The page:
Here on our new Hampshire vegetable farm, we look forward to the cool, invigorating autumn weather. It might start early in September or late in September, but either way, we're glad to have it- especially the invigorating part. We're feeling kind of weary this time of year, what with the summer crops- tomato, zucchini, yellow squash, basil- giving a last hurrah, and the fall crops- potatoes and winter squash and broccoli and more- all clamoring for our attention.
The vegetables want weeding, and they want harvesting, and they want putting by for the winter. And the farmers? We're thinking more of sleeping, followed by a little nap, and then sleeping, followed by a little rest. It gets harder and harder to get up early in the morning, and the couch and the bed and even the floor look more and more inviting.
Sometimes those beautiful autumn days- crisp, misty air in the morning, warm sun in the afternoon, heavy golden light over the fields in the evening- aren't enough to entice a farmer out to the field. Sometimes a farmer is tired of going out to the field. Sometimes a farmer even takes a little perverse pleasure in not going out to the field first thing on a beautiful day.
Hah! Beautiful day! Take that! You can't make me come out there! Even if you are bathed in beautiful light, or bursting with color, or sonorous with crickets and autumn breeze and rustle and snap!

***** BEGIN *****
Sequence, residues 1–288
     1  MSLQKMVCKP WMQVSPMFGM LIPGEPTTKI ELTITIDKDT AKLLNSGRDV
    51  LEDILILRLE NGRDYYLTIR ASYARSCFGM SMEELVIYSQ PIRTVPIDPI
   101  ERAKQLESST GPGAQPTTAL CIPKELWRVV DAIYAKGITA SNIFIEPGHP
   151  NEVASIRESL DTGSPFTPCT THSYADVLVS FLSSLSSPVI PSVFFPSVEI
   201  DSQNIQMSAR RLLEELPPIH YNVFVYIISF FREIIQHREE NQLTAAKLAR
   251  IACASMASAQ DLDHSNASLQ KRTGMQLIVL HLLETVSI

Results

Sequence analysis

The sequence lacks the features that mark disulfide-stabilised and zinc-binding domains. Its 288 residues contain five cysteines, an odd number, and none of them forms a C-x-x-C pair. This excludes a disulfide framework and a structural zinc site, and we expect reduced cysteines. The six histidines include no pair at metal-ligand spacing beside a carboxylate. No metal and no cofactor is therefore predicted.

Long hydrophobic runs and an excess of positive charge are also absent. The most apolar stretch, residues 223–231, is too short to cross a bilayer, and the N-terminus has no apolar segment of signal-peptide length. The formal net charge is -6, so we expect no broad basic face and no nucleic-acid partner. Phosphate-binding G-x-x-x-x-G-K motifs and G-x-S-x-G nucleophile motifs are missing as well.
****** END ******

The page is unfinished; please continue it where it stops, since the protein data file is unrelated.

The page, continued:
I will stay inside and can tomato sauce instead! I will stay inside and wash some dishes! I won't go out into that great big messy gloriously full of food and work garden. I will stay right here, in the messy gloriously full of food and dirty dishes house! Freezing peppers! Freezing kale! Freezing chard! Freezing salsa and squash and pesto!
Oh, it's a funny thing, this farming, how it brings out the rebel in a body. And it's even funnier what a body might rebel against: crisp, invigorating air, beautiful light? Good weather? Good grief.
But hey, maybe that's how we got to be farmers in the first place: that spark of rebellion. We are rebelling against something, against lots of things, not least of which is somebody else's agenda or idea of a work schedule. As we like to say, in league with many a self-employed person: “We never get any time off, but, hey, we can take it any time we want to!”
We are also rebelling against some societal and cultural ideas of what constitutes a useful, meaningful way to spend a workday, or a worklife. Small-scale sustainable farming isn't so much a norm any more; now it is in itself a rebellion, against the industrial, the massive, the impersonal, the uncaring.
And, heck, we care, we care a lot, we keep caring, even when it's hard and painful and wearying, when there's hail or floods or droughts or locusts. We want to do work that feels right and good, that sustains us and helps sustain others too: the land and air and water and wildlife, and all the people that eat our vegetables and enjoy our farm.
We enjoy our farm too, of course, and we also feel a little weary . . a little rebellious. . . No, I won't take advantage of this exquisite weather and go out and weed those carrots! I'm going to get some work done inside, even if the rainy days won't cooperate with meals and laundry and writing columns, all necessary and important items in a full, balanced life, and all so blessedly close to the couch . . . the bed . . . even the floor . . .
Originally published in the Monadnock Shopper News, Sept 3 – Sept 9, 2014